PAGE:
Did you know that healthy fats should make up about one third of your caloric intake? A balanced diet plan, such as the one we recommend, consists of 40% carbohydrates, 30% protein and 30% fat. (You may have heard of The Zone Diet? Same principle.) Not all fat is bad, and avoiding these good fats can be detrimental to your health, too.
The good fats to consume include olive oil, salmon, avocado, walnuts, almonds, pistachios, tofu and edamame. Eating these healthy fats will help you feel fuller longer, help reduce bad cholesterol levels, and even aid brain function. Click here for more details on making healthy changes to your diet and a list of foods to avoid.
If you would like more information about how Anchorage Bariatrics can help you with a customized weight loss solution, or would like to attend a free informational seminar please call us at 907-644-THIN.
Core Strength Without the Crunch
Good news for people who hate sit-ups! Crunches aren’t necessary if you’re trying to improve your core strength. There are several other core building exercises you can do, such as the two listed here, that will help improve your balance and stability as well as reduce back pain.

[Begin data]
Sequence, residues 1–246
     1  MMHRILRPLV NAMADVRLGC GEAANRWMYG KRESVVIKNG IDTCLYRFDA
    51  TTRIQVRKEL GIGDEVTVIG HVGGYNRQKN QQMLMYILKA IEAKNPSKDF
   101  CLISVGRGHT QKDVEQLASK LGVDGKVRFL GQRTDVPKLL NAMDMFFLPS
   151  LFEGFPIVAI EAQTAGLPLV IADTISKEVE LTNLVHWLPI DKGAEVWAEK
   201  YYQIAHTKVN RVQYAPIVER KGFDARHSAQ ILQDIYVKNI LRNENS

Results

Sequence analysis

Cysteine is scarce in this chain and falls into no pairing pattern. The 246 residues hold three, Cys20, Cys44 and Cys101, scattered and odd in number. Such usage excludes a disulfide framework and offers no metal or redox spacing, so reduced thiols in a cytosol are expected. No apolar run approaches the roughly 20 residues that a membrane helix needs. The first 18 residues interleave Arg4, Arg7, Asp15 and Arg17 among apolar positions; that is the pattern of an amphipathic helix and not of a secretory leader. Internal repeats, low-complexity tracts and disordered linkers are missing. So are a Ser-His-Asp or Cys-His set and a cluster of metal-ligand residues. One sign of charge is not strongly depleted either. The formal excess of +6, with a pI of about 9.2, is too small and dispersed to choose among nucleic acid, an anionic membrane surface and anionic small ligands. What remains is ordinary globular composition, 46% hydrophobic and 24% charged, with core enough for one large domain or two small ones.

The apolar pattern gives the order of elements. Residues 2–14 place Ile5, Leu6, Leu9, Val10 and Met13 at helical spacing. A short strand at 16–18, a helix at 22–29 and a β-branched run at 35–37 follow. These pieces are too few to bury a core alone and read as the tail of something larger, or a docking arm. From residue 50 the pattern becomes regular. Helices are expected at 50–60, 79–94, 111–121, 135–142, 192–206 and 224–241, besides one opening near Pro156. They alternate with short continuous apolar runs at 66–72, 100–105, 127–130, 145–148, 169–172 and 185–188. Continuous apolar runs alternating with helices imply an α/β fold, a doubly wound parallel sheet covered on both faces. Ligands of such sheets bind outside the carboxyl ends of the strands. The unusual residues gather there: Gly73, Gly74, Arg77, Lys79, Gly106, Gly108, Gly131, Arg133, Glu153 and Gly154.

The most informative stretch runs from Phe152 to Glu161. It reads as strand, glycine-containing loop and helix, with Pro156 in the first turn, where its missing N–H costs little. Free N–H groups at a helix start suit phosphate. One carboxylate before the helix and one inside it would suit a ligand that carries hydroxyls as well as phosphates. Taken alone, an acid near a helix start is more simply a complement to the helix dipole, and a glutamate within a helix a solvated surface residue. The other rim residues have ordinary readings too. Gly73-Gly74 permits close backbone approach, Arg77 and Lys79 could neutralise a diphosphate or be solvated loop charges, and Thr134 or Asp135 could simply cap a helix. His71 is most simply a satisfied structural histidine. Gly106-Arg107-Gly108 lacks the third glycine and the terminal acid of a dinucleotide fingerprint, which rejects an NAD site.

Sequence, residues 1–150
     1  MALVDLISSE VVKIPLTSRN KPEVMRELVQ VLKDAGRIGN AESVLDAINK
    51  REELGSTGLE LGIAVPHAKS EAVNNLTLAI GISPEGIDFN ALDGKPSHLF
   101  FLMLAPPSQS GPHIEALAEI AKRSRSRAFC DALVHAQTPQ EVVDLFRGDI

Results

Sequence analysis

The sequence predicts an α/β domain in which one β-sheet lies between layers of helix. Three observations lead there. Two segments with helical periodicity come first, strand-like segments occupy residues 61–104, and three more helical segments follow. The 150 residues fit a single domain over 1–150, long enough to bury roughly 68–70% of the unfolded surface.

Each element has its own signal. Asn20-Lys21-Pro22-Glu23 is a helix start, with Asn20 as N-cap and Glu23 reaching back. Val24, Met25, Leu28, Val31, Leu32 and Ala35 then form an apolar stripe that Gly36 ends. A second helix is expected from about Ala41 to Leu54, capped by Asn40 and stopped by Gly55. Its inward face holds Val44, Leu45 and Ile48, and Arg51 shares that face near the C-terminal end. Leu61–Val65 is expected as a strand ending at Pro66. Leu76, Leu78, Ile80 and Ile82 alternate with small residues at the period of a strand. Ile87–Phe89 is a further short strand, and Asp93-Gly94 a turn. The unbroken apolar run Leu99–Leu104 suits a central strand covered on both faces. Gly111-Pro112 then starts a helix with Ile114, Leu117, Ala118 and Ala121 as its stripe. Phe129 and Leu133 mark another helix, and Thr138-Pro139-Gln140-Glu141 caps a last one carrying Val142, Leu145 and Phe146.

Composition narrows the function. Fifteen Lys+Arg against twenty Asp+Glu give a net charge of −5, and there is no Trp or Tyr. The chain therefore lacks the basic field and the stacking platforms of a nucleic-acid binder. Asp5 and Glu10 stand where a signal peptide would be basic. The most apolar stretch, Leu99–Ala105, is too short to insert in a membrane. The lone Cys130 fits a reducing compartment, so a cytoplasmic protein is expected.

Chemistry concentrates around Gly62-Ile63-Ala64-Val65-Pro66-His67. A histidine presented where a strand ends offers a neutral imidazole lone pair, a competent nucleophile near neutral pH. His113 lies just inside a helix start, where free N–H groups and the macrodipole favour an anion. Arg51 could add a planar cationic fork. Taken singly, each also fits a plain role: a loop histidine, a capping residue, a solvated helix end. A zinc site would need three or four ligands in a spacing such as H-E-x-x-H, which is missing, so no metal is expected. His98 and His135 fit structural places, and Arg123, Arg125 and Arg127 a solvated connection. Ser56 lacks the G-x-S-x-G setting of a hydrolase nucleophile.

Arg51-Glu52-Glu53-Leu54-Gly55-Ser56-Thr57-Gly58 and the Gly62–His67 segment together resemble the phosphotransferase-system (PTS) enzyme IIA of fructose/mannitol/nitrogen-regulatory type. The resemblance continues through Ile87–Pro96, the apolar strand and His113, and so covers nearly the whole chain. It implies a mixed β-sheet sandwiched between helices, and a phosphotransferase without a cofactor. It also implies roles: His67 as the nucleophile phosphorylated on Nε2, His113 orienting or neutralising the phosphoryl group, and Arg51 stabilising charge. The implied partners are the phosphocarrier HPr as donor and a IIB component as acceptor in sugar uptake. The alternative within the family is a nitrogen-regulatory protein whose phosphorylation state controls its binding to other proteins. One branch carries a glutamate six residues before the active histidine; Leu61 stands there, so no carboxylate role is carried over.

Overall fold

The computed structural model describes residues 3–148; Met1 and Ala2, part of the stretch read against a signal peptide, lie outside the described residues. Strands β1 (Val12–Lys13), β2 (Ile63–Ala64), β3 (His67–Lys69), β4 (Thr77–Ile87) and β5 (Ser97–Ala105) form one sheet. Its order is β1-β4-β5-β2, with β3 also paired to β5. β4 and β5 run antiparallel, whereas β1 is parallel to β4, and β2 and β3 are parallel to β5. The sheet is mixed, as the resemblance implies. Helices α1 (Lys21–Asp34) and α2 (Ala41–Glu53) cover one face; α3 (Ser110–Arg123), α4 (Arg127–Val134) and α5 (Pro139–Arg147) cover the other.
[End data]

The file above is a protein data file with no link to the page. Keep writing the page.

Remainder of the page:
Standing Side Bend – Stand with your arms at your sides and slowly slide one hand down the side of your leg until it reaches your knee. Do not allow your body to rotate, your shoulders and chest should remain facing forward at all times. Slowly slide the arm back up the leg until you are standing straight again. Try adding hand weights for more resistance. Do 10 on each side, working up to three sets in a row.
Quadruped Lift – Begin this exercise on your hands and knees. Engage your abdominal muscles and flatten your low back like a tabletop. Without tilting the low back or pelvis, reach one arm out in front of you and hold it in the air for 5 to 10 seconds. Return to the original position and repeat the exercise by lifting your other arm in the same manner. Try lifting the opposite leg and arm at the same time as you improve. Do 10 on each side, working up to three sets in a row.
Swap pureed sweet potato for cream to thicken soup. Nothing warms you up like a hearty soup. The problem is, what makes a soup hearty is often cream, and lots of it – which makes hearty and heart-healthy two very different things. Instead of thickening soups with cream, then, add pureed sweet potato. The takeaway will be less fat and way more blood-pressure-friendly potassium. That’s a win-win for your circulatory system and waistline!